Monday, 27 March 2023
by Earn Media
Regulations governing tokenized deposits and crypto assets are likely to become effective on Jan. 1, 2025, a senior fintech analyst at the South African central bank has revealed. However, according to the analyst, regulators are still trying to understand or learn the risks that come with using distributed ledger technology.
Gerhard van Deventer, a senior fintech analyst at the South African Reserve Bank (SARB) recently disclosed that regulations governing the so-called tokenized deposits and crypto assets are expected to come into effect on Jan.1, 2025. Although taking this step is seen as an important milestone, Deventer, however, warned regulators still need to understand the risks that are associated with the technology underpinning digital assets.
To achieve this, the SARB and its partners have conducted experiments whose objective was to understand and identify the risks as well as the benefits of distributed ledger technology (DLT). Project Khokha and Project Khokha 2 are among the experiments that were conducted by the South African central bank in conjunction with commercial banks.
In one of the experiments, the SARB is said to have explored a general-purpose retail central bank digital currency (CBDC). The South African central bank similarly explored wholesale and multi-CBDCs and according to Deventer, the bank is now interested in finding a way forward.
“At the SARB, we recently completed a project that explored the feasibility, desirability and appropriateness of a retail CBDC for South Africa. We are currently progressing with an internal project to consider the way forward,” the fintech analyst said.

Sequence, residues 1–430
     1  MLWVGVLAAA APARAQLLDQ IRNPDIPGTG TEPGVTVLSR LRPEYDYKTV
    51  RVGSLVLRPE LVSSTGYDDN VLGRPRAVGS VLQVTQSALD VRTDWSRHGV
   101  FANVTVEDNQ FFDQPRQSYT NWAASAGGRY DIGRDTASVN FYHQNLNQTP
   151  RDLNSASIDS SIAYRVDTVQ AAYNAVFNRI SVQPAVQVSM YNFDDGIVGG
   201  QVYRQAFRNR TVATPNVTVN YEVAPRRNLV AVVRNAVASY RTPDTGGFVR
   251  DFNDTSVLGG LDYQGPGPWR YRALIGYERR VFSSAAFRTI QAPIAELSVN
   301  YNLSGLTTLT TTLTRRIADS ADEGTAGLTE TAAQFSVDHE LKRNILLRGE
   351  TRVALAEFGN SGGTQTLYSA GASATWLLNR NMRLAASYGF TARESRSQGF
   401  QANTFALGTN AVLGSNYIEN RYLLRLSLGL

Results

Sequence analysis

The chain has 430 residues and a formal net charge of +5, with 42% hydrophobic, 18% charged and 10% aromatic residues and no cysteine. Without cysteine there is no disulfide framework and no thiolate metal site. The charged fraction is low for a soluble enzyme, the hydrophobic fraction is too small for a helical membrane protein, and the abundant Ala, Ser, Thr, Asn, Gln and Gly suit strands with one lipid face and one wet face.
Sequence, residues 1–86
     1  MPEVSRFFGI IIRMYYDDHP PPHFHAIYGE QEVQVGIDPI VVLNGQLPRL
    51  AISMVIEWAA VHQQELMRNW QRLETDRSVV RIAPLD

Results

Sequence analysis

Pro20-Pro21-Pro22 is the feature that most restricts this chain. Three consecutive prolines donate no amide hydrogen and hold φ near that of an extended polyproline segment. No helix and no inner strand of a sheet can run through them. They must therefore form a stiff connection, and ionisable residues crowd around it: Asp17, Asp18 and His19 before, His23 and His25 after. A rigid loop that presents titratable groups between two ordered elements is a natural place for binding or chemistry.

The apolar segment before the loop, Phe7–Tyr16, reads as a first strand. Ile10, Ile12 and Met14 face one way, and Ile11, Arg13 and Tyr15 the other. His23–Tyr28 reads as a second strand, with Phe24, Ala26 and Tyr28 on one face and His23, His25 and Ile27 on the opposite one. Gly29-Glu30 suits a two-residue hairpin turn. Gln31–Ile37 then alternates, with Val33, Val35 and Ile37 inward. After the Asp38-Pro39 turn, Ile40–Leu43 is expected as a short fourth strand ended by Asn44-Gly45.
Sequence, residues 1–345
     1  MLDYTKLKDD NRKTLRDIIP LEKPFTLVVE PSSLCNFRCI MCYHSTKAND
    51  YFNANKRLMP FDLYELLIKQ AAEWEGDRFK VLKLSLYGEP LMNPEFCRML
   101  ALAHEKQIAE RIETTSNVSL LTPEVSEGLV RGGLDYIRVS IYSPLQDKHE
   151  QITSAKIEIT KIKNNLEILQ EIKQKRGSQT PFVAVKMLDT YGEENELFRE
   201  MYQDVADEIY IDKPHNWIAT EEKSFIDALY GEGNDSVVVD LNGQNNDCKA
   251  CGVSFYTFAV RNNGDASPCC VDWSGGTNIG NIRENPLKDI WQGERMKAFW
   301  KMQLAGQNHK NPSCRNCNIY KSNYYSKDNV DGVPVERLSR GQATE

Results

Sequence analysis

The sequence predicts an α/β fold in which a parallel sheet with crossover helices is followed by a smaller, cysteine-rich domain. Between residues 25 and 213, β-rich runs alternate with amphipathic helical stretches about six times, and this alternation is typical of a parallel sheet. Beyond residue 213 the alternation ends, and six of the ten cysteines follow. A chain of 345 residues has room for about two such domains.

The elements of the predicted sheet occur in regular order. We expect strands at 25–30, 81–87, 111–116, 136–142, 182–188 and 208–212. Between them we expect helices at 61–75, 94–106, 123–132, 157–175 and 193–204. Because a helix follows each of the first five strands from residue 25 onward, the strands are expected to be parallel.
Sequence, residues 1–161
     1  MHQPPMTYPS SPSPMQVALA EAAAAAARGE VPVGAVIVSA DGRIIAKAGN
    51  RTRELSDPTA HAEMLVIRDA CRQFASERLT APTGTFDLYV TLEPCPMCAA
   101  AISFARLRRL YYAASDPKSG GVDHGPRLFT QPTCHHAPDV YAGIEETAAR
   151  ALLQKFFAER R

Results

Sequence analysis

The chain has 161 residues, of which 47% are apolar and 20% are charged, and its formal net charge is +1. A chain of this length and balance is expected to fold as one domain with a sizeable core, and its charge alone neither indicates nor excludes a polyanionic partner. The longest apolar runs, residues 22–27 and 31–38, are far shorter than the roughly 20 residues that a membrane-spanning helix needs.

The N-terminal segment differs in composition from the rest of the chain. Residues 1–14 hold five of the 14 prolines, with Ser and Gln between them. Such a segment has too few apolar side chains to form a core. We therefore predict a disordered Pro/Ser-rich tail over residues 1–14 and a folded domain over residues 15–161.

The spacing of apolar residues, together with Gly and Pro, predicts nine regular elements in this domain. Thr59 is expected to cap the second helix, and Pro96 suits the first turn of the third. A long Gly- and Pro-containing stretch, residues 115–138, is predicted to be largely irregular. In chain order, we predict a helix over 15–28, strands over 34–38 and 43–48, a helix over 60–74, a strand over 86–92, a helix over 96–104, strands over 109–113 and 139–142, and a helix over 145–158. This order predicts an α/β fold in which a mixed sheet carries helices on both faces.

However, according to a report published in Creamer Media’s Engineering News, South African regulators; the SARB and the Financial Sector Conduct Authority (FSCA) as well as the financial industry still need to do more work on the prudential treatment of crypto assets.
Meanwhile, the same report also quotes Sim Tshabalala, the chief executive (CE) of Standard Bank, who recently spoke about the benefits of using CBDCs to facilitate secure interbank clearing. According to Tshabalala, CBDCs, particularly retail ones, can potentially increase participation in the formal financial system. They can also reduce opportunities for tax evasion and other forms of financial crimes.
Tshabalala noted however that questions still remain about the role of central banks should CBDCs become widely used. He said:
“However, it is not clear at this stage how retail CBDC balances held with commercial banks differ from other deposits, or how CBDC balances held by an individual or a firm directly with the central bank differs from the central bank turning itself into a retail bank.”
The Standard Bank CE said failing to address this would be equivalent to doing nothing to “mitigate the risk and moral hazards” that arise from a central bank’s direct participation in the financial system.
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